In his 35-page maiden State of the Nation Address (Sona) delivered in Parliament on September 4, President Lazarus Chakwera expressed worry that within a year the country’s debt rose by a whopping K450 billion.
When one considers that the K450 billion borrowed in just under 12 months represents a staggering 60 percent of the K722 billion Provisional Budget Minister of Finance Felix Mlusu tabled in June, Malawians have every reason to get worried.
In total, Malawi’s debt stock stood at K4.1 trillion in June this year, an increase from K3.4 trillion in December 2019. The current debt stock represents 59 percent of the country’s total wealth as measured by nominal gross domestic product (GDP) which is estimated at $7 billion (about K5.2 trillion). From the debt stock, 57.3 percent represents domestic borrowing and is equivalent to 33 percent of the GDP.
It is worth noting that borrowing is not bad as long as it adds value and the debt can be settled within the agreed period without driving the borrower into liquidation and utter ruin.
In fact, since attaining independence from Britain in 1964, Malawi has borrowed extensively to fund capital projects designed to benefit the nation through accelerated economic activity. Whether the said projects borrowed funds were pumped into have had an impact on the economy and on the people of this country is a story for another day.
For a country that in 2006 had 90 percent of its $3 billion foreign debt written off by international lenders, the current situation—14 years later—is very worrying and alarming. My heart bleeds to see that in just 14 years after Malawi had about $2.6 billion or 90 percent of its foreign debt written off under the Highly Indebted Poor Countries (Hipc) initiative, the country is drifting back to heavy indebtedness.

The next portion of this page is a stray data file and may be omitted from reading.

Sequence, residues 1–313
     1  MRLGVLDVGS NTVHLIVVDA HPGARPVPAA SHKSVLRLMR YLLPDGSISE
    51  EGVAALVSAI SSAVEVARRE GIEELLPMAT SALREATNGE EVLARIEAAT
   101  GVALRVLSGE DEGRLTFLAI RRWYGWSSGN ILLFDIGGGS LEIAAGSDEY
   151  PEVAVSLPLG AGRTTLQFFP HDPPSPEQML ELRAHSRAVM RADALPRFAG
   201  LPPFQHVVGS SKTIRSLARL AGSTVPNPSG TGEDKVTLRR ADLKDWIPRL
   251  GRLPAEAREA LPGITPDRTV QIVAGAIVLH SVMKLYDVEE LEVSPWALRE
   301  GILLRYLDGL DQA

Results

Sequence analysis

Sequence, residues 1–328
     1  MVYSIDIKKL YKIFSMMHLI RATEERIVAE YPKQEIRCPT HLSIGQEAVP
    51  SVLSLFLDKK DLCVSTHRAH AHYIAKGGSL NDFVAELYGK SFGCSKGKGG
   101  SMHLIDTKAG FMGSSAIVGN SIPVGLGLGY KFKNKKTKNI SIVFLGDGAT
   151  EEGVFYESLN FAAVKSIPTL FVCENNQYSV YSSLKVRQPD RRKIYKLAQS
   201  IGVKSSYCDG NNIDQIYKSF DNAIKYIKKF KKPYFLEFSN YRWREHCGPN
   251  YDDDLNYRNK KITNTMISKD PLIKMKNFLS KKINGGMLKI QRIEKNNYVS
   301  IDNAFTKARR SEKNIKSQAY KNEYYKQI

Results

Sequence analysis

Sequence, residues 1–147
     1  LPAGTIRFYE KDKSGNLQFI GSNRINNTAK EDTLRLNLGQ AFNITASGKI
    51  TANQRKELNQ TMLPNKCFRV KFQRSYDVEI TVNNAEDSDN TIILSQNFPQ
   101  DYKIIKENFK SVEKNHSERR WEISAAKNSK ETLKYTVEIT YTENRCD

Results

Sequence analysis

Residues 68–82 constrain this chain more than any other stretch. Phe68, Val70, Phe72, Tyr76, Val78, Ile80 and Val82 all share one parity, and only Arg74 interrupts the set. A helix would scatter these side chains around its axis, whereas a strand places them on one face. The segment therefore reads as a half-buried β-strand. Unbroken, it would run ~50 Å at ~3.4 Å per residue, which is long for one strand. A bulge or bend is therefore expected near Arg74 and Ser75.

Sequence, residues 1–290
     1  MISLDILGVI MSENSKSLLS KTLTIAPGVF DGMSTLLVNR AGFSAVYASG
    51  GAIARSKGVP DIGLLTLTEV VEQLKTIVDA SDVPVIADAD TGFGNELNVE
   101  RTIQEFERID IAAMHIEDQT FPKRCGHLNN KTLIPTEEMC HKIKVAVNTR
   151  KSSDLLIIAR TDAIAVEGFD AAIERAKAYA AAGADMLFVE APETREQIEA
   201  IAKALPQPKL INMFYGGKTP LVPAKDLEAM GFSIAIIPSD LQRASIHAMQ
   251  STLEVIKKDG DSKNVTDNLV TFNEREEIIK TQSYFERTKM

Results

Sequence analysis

Every time one queried the sustainability of the growing debt stock fiscal policy authorities have been quick to challenge that they are “within the acceptable levels” to sustain the debt. The perceived positive ratios of debt to GDP are merely statistics worked out using a formula which can change any time. Remember, numbers do not lie, but liars use numbers.
Every patriotic Malawian should be worried with the rising debt stock. Every time one borrows, there is an interest charged to cover the risk of lending as the money borrowed belongs to other investors.
The President indicated that interest charges for the debt are in the region of 36.6 percent of the GDP or the country’s total wealth. What is scary if this isn’t?
To paint a vivid picture of this debt situation, let me quote the President: “In other words, for every K100 we generate [as a country], K36.60 is used to pay interest on the debt that we have accumulated, excluding repayment of actual loan.”
The key statement worth reflecting on is “to pay interest on the debt that we have accumulated, excluding repayment of actual loan”. Put yourself in the shoes of the government and imagine what life would be like if 40 or 50 percent of your household income was used to service debts? Surely, life such a situation is not sustainable.
For this country to move forward, there should be less talk and more action. The budget itself should translate into improving the welfare of the masses, not just a set of figures to impress or confuse people. Making realistic allocations and implementing austerity measures to save people from drowning in the whirlpool of national debt are critical.
Fiscal discipline and ensuring that we cut our cloth according to our size will also be key to manage and reduce high levels of borrowing to maintain fiscal and debt sustainability. When the debt is better managed, a conducive environment will also be created for investment needed to reduce the country’s vulnerability to shocks.
Next time the word “borrowing” comes up, those entrusted with managing the public purse should ask themselves: What are we borrowing for? In that way, we will avoid the risk of mortgaging this country and its people to Shylocks who will one day demand their pound of flesh.